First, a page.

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Kahn-Harris, Keith
Extreme Metal: Music And Culture On The Edge (Book Review)
February 2012
Released: 2007, Berg Publishers
Rating: 4.5/5
Reviewer: JP

I've owned this book for quite a while but I hesitated to write a review for the Library Of Loudness due to the academic nature of the work. However a combination of wanting to be complete in our efforts to review every Metal book ever written, and to give further, well-deserved exposure to this excellent work, I decided to put down a few thoughts.



First published in 2007 by the Berg group, this 194 page hardcover had it's origins over 10 years ago. EXTREME METAL is an expansion of Kahn-Harris' 2001 PhD thesis; "Transgression and Mundanity: The Global Extreme Metal Scene". As with many academic works it is a bit dry, but that does not necessarily mean dull, in fact I found it fascinating. If extended analysis of modes of sonic transgression and critical perspectives of unreflexivity in the scene are your thing, welcome aboard. It reads like a textbook with tons of references, a bibliography and discography so you can expand your own base of knowledge. There are a couple dozen photos to liven things up. It's a bit unfortunate that Kahn-Harris choose the same title as McIver's book published seven years earlier.



EXTREME METAL is meticulously researched and fortunately Kahn-Harris is by his own admission a Metal fan. Other academic works such as those by Weinstein and Wasler, while decent were flawed by their lack of experience in the scene. Kahn-Harris is a fan but he is professional enough to ensure his work doesn't descend into mere praise.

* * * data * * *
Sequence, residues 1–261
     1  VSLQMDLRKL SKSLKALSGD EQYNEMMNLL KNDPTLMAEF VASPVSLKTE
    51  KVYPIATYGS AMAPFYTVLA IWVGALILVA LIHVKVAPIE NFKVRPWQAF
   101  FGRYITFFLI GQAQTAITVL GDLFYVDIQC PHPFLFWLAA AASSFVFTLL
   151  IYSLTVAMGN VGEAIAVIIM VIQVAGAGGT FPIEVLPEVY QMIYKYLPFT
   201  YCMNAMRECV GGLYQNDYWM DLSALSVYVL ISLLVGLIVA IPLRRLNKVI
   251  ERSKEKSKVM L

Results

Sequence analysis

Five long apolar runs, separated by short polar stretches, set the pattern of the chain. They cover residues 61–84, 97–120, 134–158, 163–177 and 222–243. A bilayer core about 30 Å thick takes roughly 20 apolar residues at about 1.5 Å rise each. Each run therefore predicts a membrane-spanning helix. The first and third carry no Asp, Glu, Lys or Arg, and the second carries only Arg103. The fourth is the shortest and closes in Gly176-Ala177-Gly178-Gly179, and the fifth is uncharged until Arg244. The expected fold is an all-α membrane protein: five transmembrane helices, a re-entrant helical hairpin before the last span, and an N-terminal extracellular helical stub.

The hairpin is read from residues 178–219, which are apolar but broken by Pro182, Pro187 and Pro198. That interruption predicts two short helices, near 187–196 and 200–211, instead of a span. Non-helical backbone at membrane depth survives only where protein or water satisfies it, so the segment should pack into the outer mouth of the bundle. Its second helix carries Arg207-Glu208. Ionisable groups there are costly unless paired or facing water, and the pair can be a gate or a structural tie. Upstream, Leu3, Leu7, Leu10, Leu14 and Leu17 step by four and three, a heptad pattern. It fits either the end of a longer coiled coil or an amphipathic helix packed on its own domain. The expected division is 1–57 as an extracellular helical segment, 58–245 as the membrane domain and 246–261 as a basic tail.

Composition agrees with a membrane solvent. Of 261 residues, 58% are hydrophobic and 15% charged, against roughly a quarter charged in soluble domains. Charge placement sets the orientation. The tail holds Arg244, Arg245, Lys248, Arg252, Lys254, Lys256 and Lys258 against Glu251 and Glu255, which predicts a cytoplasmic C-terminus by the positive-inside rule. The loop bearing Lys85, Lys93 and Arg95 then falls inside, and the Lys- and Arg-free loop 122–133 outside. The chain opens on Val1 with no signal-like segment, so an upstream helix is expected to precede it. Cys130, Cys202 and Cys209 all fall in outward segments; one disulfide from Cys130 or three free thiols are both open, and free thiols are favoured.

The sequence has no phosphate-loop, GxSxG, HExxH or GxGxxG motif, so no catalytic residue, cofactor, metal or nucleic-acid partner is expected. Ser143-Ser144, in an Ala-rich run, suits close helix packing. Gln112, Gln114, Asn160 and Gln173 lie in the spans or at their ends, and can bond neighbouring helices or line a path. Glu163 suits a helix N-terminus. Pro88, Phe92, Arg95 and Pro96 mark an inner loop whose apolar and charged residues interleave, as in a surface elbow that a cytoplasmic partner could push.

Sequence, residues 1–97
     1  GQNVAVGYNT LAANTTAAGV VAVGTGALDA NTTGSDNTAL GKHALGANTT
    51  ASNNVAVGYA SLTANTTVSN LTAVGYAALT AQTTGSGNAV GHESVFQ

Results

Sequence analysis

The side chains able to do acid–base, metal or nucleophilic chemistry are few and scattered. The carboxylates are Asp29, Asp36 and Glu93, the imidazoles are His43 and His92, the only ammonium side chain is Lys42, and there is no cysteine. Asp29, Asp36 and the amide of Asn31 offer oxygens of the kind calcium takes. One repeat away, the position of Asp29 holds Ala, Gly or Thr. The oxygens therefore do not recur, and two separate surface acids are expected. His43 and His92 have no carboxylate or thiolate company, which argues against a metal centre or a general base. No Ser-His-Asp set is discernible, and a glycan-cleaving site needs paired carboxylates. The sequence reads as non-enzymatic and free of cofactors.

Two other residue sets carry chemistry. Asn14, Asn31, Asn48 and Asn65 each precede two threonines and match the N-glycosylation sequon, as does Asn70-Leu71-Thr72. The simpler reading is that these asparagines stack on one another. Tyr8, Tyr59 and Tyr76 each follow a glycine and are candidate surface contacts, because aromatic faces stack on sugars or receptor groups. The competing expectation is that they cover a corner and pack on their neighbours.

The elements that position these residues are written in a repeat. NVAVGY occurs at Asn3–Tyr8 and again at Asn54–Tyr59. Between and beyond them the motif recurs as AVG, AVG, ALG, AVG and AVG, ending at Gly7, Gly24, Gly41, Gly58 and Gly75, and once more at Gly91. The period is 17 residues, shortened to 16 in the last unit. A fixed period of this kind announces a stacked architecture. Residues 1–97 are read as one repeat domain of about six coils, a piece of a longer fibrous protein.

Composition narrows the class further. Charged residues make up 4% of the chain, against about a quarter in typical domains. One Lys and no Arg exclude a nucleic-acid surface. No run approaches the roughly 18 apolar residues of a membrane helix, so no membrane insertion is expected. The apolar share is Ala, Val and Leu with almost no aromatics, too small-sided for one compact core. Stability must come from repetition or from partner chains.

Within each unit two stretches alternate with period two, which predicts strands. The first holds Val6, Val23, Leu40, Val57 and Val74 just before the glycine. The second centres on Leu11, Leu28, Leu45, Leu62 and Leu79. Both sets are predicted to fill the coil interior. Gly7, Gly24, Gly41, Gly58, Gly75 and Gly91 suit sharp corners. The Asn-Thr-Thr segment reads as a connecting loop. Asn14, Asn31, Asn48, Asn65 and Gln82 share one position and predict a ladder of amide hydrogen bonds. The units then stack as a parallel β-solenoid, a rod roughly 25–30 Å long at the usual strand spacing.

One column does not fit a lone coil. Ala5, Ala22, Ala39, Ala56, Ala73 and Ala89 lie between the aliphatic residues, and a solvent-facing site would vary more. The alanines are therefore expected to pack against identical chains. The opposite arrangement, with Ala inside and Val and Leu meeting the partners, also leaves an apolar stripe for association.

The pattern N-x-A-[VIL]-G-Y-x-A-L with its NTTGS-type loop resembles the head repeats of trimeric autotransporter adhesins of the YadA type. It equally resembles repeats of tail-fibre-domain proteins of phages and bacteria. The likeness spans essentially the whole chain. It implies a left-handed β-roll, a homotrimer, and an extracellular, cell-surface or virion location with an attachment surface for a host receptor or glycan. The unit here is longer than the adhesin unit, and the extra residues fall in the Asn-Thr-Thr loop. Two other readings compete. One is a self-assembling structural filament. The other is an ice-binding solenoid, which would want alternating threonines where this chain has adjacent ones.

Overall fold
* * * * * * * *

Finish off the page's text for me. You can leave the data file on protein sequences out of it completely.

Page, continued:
No dark corner is left unexplored in his quest to expose extreme metal to the harsh, unblinking light of academia; from defining the scene, analyzing cultural capital to discussing reflexivity and modernity, not to mention politics, gender, religion and more. The scope of his work is magnificent and EXTREME METAL is destined to be the pioneering and definitive study of the topic.



The book is not without it's flaws however. There are a few technical errors in the text, minor trivia things that don't detract from the overall impact. I would have liked Kahn-Harris to develop and expand his theories about the accumulation and assignment of cultural capital in the extreme metal community . He also contradicts himself about the importance of transgression in extreme metal, and consistently overestimates the influence of grunge and punk rock on Heavy Metal, but that's really the stuff for the lecture room.



Kahn-Harris' greatest mistake comes very early on in the book, in his introduction no less. The author says (paraphrased) that grunge killed metal and then grunge and punk continued to influence the Metal that survived. Even casual Metal fans know this to be categorically untrue. I was shocked the author held this absurd, naive and outdated belief! I was so taken aback by his false assertion that I almost stopped reading the book in disgust. Instantly, in the space of a few paragraphs, his credibility as a knowledgeable author went out the window.



I kept reading partly because I had paid good money for the book and partly I wanted to see what else he had got wrong. I'm glad I persisted because EXTREME METAL is a fantastic work but I must admit it took me a while to reconcile how, an obviously intelligent individual got almost everything else about Metal 'right' except the one critical fact. If you do pick this up, just skip page 1 & 2 of the introduction and you'll be fine.



The glaring error aside this book is the ultimate and definitive examination of extreme metal. If I was in charge it would be mandatory reading in all schools!
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